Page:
Electronic Theses and Dissertations

Date of Award


Document Type


Degree Name

M.S. in Biological Science

First Advisor

Colin R. Jackson

Second Advisor

Gregg Roman

Third Advisor

Susan Balenger

Relational Format



Juvenile dragonflies (nymphs) may possess the ability to pass their microbiome to the adult life stage through metamorphosis. If this is so, the environment in which the nymph develops may have an effect on the adult microbiome. In this study, the gut microbiomes of 13 species of dragonfly were compared across life stages and when collected from environments at different levels of urbanization. The gut of each dragonfly was removed, DNA extracted, and a portion of the bacterial 16S rRNA gene amplified and sequenced. Gut suspensions were also plated on antibiotic amended plates to determine the potential for dragonflies to contain antibiotic resistant bacteria. Gut microbiomes of dragonflies mainly separated by life stage, with nymphs further separating by the environment from which they were collected from. Dragonfly species was not a significant factor in the separation of either nymph or adult microbiomes. The microbiomes of nymphs and adults differed in levels of their dominant bacterial phyla, with Proteobacteria being dominant in adults, while nymphs shoa higher proportion of Acidobacteria and Bacteroidetes compared to adults. Nymphs also contained bacteria phyla that were not present in the adult microbiome. Both life stages contained antibiotic resistant bacteria, with the guts of dragonfly adults having higher counts of resistant bacteria than nymphs. The environment from which the dragonflies were collected had a significant influence on the counts of resistant bacteria for multiple antibiotics, as did dragonfly species. These results suggest that the gut microbiomes of dragonfly nymphs and adults are fundamentally different, and that both life stages have the potential to contain antibiotic resistant bacteria. The local environment influences both the numbers of these antibiotic resistant bacteria and the composition of the gut microbiome in general.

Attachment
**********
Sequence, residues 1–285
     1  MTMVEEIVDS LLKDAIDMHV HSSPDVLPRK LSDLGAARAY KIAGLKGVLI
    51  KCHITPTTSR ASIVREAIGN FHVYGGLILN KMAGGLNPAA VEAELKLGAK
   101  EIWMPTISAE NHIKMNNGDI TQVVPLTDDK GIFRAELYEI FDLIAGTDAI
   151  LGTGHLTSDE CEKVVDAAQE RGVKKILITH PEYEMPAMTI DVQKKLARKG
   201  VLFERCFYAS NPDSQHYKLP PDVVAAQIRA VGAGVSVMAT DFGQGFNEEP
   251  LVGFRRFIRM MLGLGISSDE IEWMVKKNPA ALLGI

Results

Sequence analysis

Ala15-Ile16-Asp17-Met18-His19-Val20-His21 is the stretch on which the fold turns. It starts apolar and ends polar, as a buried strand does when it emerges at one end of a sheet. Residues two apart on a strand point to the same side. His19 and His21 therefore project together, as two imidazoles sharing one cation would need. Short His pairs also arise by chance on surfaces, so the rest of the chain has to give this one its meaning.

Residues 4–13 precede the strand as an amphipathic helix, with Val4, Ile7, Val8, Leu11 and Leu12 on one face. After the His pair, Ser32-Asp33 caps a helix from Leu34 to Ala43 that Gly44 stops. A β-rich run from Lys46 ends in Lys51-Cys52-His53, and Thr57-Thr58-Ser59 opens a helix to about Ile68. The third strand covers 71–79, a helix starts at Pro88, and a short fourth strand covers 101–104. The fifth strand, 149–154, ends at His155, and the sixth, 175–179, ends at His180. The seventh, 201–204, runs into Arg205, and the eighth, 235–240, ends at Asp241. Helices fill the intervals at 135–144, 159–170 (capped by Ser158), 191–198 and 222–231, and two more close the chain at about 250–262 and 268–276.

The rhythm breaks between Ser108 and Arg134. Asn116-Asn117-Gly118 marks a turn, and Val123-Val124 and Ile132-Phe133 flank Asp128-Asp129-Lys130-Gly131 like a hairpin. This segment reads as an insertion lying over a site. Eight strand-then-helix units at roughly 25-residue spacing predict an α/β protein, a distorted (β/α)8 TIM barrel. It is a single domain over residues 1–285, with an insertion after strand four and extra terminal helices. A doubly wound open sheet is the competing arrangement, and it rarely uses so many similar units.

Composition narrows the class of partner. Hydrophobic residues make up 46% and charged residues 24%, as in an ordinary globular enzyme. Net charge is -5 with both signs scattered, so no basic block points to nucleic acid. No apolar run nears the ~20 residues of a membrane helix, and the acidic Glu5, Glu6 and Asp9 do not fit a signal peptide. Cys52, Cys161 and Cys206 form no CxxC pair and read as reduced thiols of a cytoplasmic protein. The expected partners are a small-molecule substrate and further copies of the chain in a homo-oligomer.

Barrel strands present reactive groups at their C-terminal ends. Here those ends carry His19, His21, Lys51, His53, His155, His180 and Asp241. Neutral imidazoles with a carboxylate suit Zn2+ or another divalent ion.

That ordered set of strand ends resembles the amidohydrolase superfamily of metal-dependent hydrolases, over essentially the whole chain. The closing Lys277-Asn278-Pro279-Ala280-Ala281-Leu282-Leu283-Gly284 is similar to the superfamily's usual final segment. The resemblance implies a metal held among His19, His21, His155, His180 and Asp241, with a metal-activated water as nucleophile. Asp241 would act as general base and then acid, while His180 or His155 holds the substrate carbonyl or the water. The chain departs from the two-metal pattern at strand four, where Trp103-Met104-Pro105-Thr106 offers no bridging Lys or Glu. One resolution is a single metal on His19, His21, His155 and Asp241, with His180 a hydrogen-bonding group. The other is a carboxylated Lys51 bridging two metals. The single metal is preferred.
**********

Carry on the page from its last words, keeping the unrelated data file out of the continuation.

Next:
Included in

Biology Commons



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